JOURNAL ARTICLE

Percutaneous sclerotherapy of venous malformations of the head and neck using sodium tetradecyl sulphate (sotradecol)

T M Siniluoto, P A Svendsen, G M Wikholm, I Fogdestam, S Edström
Scandinavian Journal of Plastic and Reconstructive Surgery and Hand Surgery 1997, 31 (2): 145-50
9232699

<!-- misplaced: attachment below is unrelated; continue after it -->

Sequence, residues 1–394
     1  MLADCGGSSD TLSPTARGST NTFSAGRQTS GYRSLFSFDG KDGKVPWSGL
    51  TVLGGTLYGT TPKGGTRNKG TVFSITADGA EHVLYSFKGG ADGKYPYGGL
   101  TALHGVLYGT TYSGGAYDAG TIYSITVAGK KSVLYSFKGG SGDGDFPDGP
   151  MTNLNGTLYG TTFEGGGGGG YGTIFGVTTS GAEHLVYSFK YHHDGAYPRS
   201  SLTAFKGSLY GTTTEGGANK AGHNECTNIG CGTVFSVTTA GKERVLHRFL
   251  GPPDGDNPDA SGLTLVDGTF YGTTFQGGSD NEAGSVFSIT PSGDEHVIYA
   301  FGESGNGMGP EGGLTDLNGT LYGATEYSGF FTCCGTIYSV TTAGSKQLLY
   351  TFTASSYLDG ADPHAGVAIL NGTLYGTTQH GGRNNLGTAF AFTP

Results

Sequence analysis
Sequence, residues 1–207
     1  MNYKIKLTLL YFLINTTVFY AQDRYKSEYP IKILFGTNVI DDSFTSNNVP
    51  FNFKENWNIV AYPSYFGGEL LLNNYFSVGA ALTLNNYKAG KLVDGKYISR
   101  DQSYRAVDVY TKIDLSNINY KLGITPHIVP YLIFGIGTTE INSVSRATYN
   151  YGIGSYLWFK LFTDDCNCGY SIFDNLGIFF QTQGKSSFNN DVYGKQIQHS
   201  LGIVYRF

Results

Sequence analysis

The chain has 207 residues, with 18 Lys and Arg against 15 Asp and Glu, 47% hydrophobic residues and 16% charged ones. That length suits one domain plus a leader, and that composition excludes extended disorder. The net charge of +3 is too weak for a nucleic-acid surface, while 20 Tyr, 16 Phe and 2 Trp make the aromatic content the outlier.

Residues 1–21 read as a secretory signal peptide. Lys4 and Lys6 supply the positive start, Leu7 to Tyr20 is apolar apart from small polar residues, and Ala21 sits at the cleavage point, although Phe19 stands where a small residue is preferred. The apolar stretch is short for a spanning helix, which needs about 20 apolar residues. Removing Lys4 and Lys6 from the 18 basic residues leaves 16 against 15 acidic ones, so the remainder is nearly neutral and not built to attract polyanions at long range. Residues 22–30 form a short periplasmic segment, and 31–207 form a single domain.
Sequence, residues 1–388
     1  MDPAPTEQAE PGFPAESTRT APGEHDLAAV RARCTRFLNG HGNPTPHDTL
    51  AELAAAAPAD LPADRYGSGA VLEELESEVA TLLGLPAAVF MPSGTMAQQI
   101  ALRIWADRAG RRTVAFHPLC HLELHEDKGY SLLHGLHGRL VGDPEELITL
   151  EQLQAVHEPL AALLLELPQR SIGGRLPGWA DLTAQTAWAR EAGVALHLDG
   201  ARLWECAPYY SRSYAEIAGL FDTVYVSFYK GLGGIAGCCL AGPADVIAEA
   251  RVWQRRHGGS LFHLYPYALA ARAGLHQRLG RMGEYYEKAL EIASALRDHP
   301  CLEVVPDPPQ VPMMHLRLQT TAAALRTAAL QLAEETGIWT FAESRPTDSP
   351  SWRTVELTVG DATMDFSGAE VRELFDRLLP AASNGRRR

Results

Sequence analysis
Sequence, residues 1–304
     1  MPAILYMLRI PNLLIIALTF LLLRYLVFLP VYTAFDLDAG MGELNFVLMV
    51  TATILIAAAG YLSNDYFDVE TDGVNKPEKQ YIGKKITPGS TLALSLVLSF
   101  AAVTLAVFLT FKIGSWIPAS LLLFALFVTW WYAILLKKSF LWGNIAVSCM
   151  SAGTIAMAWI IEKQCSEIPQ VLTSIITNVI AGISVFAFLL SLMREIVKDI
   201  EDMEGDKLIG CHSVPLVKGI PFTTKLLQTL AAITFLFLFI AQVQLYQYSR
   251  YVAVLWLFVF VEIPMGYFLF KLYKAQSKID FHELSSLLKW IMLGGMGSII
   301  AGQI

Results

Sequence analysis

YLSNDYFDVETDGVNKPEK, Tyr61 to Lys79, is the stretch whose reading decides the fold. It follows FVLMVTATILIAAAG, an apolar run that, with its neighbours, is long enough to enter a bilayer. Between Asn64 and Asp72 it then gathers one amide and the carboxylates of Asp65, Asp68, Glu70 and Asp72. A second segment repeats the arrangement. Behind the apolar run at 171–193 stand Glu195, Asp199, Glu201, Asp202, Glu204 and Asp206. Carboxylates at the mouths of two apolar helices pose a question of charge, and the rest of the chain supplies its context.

Thirty-eight patients with venous malformations of the face, neck, and tongue underwent percutaneous sclerotherapy with direct puncture and instillation of sodium tetradecyl sulphate (Sotradecol) (33-67% solution, mixed with contrast material) into the lesions. Each patient underwent from one to seven treatment sessions (mean 2.2), followed by reconstructive surgery in three cases. Of the 34 patients who responded to the follow-up questionnaire, the late results were excellent or good in 23 patients (68%), moderate in eight, unchanged in three, and were worse in one. Compared with our previous experience of embolisation of such malformations with ethanol, the results with Sotradecol were slightly worse. There was one serious complication, unilateral loss of vision in a patient with a large malformation that extended to the orbit. In conclusion, percutaneous sclerotherapy with Sotradecol is effective treatment for venous malformations of the head and neck. Careful planning is essential to reduce the risks of the treatment.

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